In 2015, 52% of All Music Spending Went to Live Concerts

Question: In a typical year, about how much money do you spend on the following?

Source: Nielsen Music 360 US, 2015.

Concert tours used to support album releases.  Now, there may not even be an album to sell.

According to just-released data from Nielsen, more than half of every dollar spent on music in the US went to live events.  The survey, conducted last year, showed a massive 52% of music-related consumer spending involved some sort of live event, with festivals commanding a 10% piece.  That said, smaller music sessions and DJ-driven events also claimed 10%, part of a broader shift away from big, single- or double-superstar artist bills.

Overall, Nielsen found the average American music consumer spent $152 over the course of a year.

All of that spells big money for a number of companies focused on live events, including heavyweights like Live Nation and AEG Live.  Others like Magnifi, Bandsintown, Songkick, and Jakprints are well-positioned against the trend, with analytics playing a far bigger role.  Just recently, Live Nation acquired data-focused BigChampagne with seriously regrettable results, though despite the quickly-shuttered ‘Live Nation Labs,’ data is definitely part of live music’s future.

Glaringly absent from the survey were items like music merchandise, frequently purchased alongside expensive concessions and parking at gigs.  Given the number of high-dollar add-ons at shows, it’s likely that live music spending is actually higher.  Separately, smaller, independent artists are gaining greater awareness of how to sell merch at gigs, thanks to startups like AtVenu.

Also not counted are smaller, independently-contracted gigs through companies like GigSalad, a growing source of artist income.

Among younger buyers, some major differences appear between tweens and Millennials, largely because the latter group has more disposable cash and far more freedom.  That would explain far higher live event attendance among Millennials, not to mention bigger overall spending on music.

Looking ahead, live concerts are likely to command an even larger chunk in 2016.  Currently, ‘digital tracks and albums’ claimed 11 percent of total spending, though paid downloads are sinking fast.  According to separate data released by Nielsen Music, paid downloads from outlets like iTunes and Amazon slumped 12.5 percent last year, and 23.4 percent since 2013.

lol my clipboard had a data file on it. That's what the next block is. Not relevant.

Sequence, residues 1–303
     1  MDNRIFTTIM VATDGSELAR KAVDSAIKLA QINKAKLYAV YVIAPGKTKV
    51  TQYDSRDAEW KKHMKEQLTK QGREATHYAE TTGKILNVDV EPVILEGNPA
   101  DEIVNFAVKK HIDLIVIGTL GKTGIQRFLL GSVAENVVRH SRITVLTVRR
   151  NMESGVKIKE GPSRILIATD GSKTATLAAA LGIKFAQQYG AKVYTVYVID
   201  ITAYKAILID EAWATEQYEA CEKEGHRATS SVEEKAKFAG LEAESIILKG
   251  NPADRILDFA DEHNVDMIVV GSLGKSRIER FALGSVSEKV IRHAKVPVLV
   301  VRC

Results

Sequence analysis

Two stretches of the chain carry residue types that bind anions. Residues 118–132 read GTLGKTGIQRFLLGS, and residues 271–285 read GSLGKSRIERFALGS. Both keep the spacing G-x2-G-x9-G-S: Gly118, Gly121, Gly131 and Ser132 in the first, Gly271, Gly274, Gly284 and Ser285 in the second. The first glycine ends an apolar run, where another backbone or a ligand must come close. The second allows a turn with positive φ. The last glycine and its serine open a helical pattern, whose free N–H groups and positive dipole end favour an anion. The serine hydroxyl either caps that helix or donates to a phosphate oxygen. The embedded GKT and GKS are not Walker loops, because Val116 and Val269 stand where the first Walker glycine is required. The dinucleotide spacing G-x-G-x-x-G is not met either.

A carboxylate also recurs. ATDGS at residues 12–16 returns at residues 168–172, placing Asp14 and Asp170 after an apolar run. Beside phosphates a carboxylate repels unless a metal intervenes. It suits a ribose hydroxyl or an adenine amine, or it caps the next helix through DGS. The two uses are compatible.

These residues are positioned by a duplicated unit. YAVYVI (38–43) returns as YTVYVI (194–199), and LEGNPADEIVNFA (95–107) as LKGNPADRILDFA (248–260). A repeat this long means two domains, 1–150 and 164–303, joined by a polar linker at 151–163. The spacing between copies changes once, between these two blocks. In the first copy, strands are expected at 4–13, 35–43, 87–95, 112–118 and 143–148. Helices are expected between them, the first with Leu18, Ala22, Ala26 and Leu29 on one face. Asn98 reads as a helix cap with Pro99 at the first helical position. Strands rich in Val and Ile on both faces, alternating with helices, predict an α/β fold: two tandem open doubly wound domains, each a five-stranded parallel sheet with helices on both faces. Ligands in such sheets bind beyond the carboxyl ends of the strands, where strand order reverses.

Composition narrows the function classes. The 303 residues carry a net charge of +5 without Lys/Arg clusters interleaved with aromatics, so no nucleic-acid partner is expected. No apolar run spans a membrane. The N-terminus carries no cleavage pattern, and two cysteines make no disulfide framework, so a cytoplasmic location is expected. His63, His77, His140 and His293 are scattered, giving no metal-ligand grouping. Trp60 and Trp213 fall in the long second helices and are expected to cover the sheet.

Other non-live categories are also sinking fast, particularly physical formats, thanks to continued bleeding around the CD.  Indeed, vinyl is the celebrated success story, but total vinyl sales remain a small percentage of the hefty billions once generated by shiny discs.

And that brings us to one of the biggest advantages of live gigs: scarcity.  In the end, a concert can’t be instantly copied and duplicated, and neither can the social, in-person aspects that come with it.

5 Responses

  1. FarePlay

    Piracy has cost the creative community dearly. No huge windfall from selling t-shirts or playing clubs, just soaring ticket prices for the few bands that can fill large halls.

    The fans have gained nothing. Free recorded music has been replaced by expensive concert tickets. Before piracy you could buy the music and go to see a band for far less than you pay for concert tickets today. As a result of expensive tickets fewer bands are able to mount successful tours; marquis bands tour repeatedly in an effort to make up for the money they’ve lost from not being able to sell their music.

    Now interactive music streaming is taking even more money away from artists.

    Miles Copeland, owner of Ark 21 Records and former manager of Sting, admits that Sting and other artists have a lot of control over ticket prices. If they seem greedy, Copeland says, it’s because they’re being ripped off every day — not by Clear Channel, but by their fans.

    “Five years, 10 years, 15 years ago … every time you wanted music, you’d go to a record store and you’d have to fork out money to buy records. Well nowadays they say it’s just OK to steal,” Copeland said.

    Steal online, that is. Apparently, many of us simply cannot resist the temptation of downloading music from the Internet. But all that free music is not without a price.

    “The public ought to realize as they’re complaining about ticket prices, that they’re forcing ticket prices up because stealing music from the artists eliminates that source of income.

    Recording artists like Sting used to make the majority of their money from just that: recording. Now, they’re making 62 percent of their income from touring. “So now the only source of income is tickets,” Copeland said, “and basically the public will have to pay the price of that.”